Cost Change After Initiating Basal Insulin for 6 Months in Patients with Type 2 Diabetes: A Registry Study in China
International Journal of Diabetes and Endocrinology
Volume 4, Issue 3, September 2019, Pages: 62-72
Received: Jul. 18, 2019;
Accepted: Aug. 13, 2019;
Published: Sep. 3, 2019
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Dongshan Zhu, Diabetes Research Program, The George Institute for Global Health at Peking University Health Science Center, Beijing, P. R. China; School of Public Health, The University of Queensland, Brisbane, Queensland, Australia
Xian Li, Biostatistics & Economic Evaluation Program, The George Institute for Global Health at Peking University Health Science Center, Beijing, P. R. China
Jiachao Ji, Biostatistics & Economic Evaluation Program, The George Institute for Global Health at Peking University Health Science Center, Beijing, P. R. China
Juming Lu, Department of Endocrinology, The General Hospital of the People's Liberation Army, Beijing, P. R. China
Weiping Jia, Department of Endocrinology, Shanghai Sixth People’s Hospital, Shanghai, P. R. China
Linong Ji, Department of Endocrinology and Metabolism, Peking University People’s Hospital, Beijing, P. R. China
Puhong Zhang, Diabetes Research Program, The George Institute for Global Health at Peking University Health Science Center, Beijing, P. R. China
This study aims to examine short-term treatment cost changes after initiating basal insulin in insulin naïve patients with type 2 diabetes for 6 months in routine clinical practice. Observational Registry of Basal Insulin Treatment (ORBIT) program is a 6-month, prospective study in China. Patients with type 2 diabetes inadequately controlled (HbA1C≥7%) by oral antidiabetic drugs (OADs) and willing to initiate basal insulin treatment were enrolled from 209 hospitals of eight geographic regions of China. Type and dose of BI were at the physician’s discretion and patients’ willingness. Interviews were conducted at baseline, month 3 and month 6. Daily treatment cost (including cost of OAD medication, insulin therapy, self-monitoring of blood glucose and dealing with minor hypoglycemia) of per person before and after adding BIs was evaluated. After adding on Basal insulin, the weighted mean ± standard deviation (SD) daily treatment cost for insulin-naïve patients with type 2 diabetes increased from $1.25 ± $0.74 (baseline) to $2.57 ± $0.68 at month 6, a median (Q1, Q3) increase of 1.51 (0.38, 4.11) times over 6 months. The daily treatment cost increased with growing baseline HbA1c level and prolonged diabetes duration. The reduction in HbA1c was 2.2%, with minor hypoglycemia increased by 0.68 times/person/year. Insulin cost accounted for the highest proportion (47.9%) of costs. Our findings suggest adding-on BI therapy may increase the daily treatment cost by 1.5 times at 6 months. Early initiation of BI therapy may provide an opportunity to achieve treatment goals with low cost and low risk of hypoglycemia.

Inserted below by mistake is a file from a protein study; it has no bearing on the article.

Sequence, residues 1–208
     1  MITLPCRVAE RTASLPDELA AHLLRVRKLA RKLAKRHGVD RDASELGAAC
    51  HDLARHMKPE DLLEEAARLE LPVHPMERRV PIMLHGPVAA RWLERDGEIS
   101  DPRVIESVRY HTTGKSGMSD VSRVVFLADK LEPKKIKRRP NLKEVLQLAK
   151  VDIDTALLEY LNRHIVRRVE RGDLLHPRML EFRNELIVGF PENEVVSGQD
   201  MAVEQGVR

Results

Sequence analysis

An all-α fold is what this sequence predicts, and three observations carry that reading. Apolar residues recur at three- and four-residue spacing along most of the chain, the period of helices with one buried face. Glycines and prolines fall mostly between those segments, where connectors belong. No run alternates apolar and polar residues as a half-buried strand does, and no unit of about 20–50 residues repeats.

Cost Change After Initiating Basal Insulin for 6 Months in Patients with Type 2 Diabetes: A Registry Study in China, International Journal of Diabetes and Endocrinology.
Vol. 4, No. 3,
2019, pp. 62-72.
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